Australia’s 2015 Asian Cup organisers have stated their goal of using the country’s staging of the tournament to improve its position within the Asian Football Confederation (AFC).
The AFC cut Australia’s automatic qualifying spots for its Champions League competition from two to just one in November and Football Federation Australia (FFA) chief executive David Gallop admitted a lot of work is needed to “ensure our position in the AFC is recognised.” Australia joined the AFC in 2007 and organising committee chief executive Michael Brown said he was confident the Asian Cup would bring it closer to other countries in the region.
“Our vision is to deliver a world-class event that celebrates Asia’s rich football culture and leaves an enduring legacy for the game in Australia,” said Brown, according to AAP. “This presents an outstanding opportunity for Australia to strengthen our cultural, social and economic ties with Asia, including some of our most important trading partners. The Federal Government’s Asian Century White Paper acknowledged the power of sport to bridge language and cultural barriers and serve as a platform to build relationships. It confirms that events like the Asian Cup offer opportunities for Australia to build on our international reputation for delivering major sporting events, and to promote Australian tourism, trade and other interests in Asia.”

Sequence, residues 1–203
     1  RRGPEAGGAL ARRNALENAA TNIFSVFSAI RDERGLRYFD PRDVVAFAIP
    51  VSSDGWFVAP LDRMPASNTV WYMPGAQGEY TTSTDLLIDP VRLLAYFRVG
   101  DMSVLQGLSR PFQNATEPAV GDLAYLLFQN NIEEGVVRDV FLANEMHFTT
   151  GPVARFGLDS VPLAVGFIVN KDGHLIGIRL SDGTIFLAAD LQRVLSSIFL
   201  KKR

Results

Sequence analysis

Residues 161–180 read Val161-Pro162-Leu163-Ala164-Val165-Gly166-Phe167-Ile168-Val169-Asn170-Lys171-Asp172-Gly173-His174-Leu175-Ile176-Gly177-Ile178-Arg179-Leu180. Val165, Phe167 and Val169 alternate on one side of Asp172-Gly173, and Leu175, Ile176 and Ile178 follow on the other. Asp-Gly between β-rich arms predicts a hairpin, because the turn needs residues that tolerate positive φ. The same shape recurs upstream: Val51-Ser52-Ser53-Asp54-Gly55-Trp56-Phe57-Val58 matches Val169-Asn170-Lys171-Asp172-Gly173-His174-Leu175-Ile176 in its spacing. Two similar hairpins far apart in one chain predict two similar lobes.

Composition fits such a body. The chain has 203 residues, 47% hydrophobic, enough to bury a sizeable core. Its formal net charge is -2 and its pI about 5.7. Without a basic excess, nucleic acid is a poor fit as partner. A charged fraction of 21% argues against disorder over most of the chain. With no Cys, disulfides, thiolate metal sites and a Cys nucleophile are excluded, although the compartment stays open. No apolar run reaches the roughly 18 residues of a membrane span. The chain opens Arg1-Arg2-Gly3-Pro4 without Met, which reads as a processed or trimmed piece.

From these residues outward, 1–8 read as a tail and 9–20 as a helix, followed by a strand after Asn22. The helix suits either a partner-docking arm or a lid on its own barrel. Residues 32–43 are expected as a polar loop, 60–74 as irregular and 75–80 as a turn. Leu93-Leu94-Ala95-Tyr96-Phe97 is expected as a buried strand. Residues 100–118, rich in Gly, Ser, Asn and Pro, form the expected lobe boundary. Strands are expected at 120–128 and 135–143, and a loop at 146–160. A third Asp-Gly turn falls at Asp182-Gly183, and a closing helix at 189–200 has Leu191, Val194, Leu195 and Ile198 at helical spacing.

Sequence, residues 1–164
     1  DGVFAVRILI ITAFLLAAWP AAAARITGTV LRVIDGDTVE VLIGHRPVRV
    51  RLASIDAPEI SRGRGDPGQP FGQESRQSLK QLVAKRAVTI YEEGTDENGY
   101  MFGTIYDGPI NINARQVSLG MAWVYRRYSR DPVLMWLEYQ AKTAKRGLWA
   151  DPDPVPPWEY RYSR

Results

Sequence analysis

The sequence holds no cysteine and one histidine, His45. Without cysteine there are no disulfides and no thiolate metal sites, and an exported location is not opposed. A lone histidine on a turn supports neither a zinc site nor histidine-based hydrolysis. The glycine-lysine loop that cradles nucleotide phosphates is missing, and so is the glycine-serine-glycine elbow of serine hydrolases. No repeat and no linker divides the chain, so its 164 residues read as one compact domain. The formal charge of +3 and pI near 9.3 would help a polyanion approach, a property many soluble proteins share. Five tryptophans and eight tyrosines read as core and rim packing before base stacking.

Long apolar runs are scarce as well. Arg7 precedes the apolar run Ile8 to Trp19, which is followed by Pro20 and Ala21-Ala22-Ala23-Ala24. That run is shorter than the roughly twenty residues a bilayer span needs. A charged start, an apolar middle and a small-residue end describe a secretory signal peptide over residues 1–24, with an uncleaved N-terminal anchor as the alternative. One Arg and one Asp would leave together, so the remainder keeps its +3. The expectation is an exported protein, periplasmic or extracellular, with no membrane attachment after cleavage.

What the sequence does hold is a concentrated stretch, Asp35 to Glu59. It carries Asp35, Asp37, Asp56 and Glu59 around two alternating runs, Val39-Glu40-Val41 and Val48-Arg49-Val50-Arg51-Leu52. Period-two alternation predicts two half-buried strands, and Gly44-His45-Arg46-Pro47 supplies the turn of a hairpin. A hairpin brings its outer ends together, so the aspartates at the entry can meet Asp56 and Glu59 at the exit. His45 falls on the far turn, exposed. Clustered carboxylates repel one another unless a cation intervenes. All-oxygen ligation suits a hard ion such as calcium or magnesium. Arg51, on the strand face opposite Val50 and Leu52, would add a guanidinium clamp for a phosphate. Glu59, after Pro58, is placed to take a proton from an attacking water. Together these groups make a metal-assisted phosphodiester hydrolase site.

The 2015 Asian Cup faces a significant challenge in being staged in the midst of a packed Australian sporting schedule. It will be held one month before the country’s hosts the Cricket World Cup and runs alongside the Australian Open tennis grand slam. However, Brown suggested that rather than going head-to-head with other events, they should work together to develop a summer tourism extravaganza. “We want to connect with the Sydney Festival, we’ll connect with the Cricket World Cup and the tennis in Melbourne,” he added, according to the Sydney Morning Herald. “We want to add to what is a great time, in January, to be here. We want to showcase Australia to people who might not see it again.”